Link, Kelly–“The Cinderella Game”–3 stars
McHugh, Maura–“Vic”–3 stars
Monette, Sarah–“White Charles”–3 stars
Pinborough, Sarah–“The Nowhere Man”–3 stars
Roden, Barbara–“The Brink of Eternity”–3 stars
Shepard, Lucius–Halloween Town–3 stars
Smith, Michael Marshall–“What Happens When You Wake Up in the Night”–3 stars
Straub, Peter–“Variations on a Theme from Seinfeld–3 stars
Tremblay, Paul–“Headstone in Your Pocket”–3 stars
Valente, Catherynne M.–“A Delicate Architecture”–3 stars
Armstrong, Kelley–“A Haunted House of Her Own”–2 stars
Atkins, Peter–“The Mystery”–2 stars
Bulkin, Nadia–“Everything Dies, Baby”–2 stars
Davies, Robert–“Bruise for Bruise”–2 stars
Files, Gemma–“The Jacaranda Smile”–2 stars
Houarner, Gerard–“The Other Box”–2 stars
Jones, Stephen Graham–“The Ones Who Got Away”–2 stars
Lansdale, Joe R.–;“Torn Away”–2 stars
McMahon, Gary–“Strange Scenes from an Unfinished Film”–2 stars
Phillips, Holly–“The Long, Cold Goodbye”–2 stars
Shea, Michael–“Copping Squid”–2 stars

 
 
 
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Short Story Review: “The Long, Cold Goodbye” by Holly Phillips

2 of 5 stars.

This is a different sort of apocalyptic tale. A land is in its sunset, freezing to the point of no return. Those who could flee, fled. The rest are doing what they do until they die: dancing, drinking, despairing.

Berd searches for Sele, her elusive lifelong friend, but he’s a hard one to pin down. She’s also seeing things, perhaps due to the slow death of freezing. Ghosts and polar bears; witches and ice giants. She also sees a suicide–but that’s likely real. She sees her friends frozen stiff when she looks at them, but they move when she doesn’t. And they get around, to new places to be frozen.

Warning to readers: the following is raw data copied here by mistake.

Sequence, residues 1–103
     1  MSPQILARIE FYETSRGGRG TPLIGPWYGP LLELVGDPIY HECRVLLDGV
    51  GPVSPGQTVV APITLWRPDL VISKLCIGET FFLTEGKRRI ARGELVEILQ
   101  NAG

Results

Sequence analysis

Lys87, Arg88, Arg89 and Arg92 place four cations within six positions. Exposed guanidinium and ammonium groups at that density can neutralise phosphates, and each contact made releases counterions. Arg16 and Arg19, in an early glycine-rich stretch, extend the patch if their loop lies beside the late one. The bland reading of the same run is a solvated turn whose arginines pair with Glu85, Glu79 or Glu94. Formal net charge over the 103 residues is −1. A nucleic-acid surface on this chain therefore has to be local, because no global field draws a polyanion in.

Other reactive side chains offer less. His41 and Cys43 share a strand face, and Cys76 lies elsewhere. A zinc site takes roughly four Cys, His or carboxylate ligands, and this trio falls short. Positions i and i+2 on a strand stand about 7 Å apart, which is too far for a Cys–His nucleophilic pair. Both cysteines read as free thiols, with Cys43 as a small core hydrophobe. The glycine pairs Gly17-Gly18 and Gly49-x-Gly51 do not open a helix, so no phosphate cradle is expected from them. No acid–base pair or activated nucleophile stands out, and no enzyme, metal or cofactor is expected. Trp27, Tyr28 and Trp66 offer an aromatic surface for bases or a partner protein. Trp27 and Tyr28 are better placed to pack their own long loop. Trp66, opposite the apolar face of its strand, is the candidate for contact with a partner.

The language of this slow demise, is bordering on exquisite. Unfortunately, the plot is a quandary. For much of the tale, I thought maybe Berd was dead–as that would explain her warped perceptions. But no, its just not clear what’s going on.

This tale was included in the anthology The Year’s Best Dark Fantasy & Horror: 2010 edited by Paula Guran.
 
 
 
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Novella Review: Halloween Town by Lucius Shepard

3 of 5 stars.

This is the story of Clyde Ormoloo and the willow wan, but it’s also the story of Halloween, the spindly, skinny town that lies along the bottom of the Shilkonic Gorge, a meandering crack in the earth so narrow that on a clear day the sky appears to those hundreds of feet below as a crooked seam of blue mineral running through dark stone.

Like the opening line [as seen above], this novella meanders and crosses back on itself in odd, unpredictable ways. Halloween, the town, seems to inhabit its own universe divorced from the rest of the world–like a Brigadoon, or a Bailey’s Cafe. People that need the escape from the outer world, sometimes find their way here. Indeed, the residents call the rest of the US, “the republic,” in acknowledgement of their other status.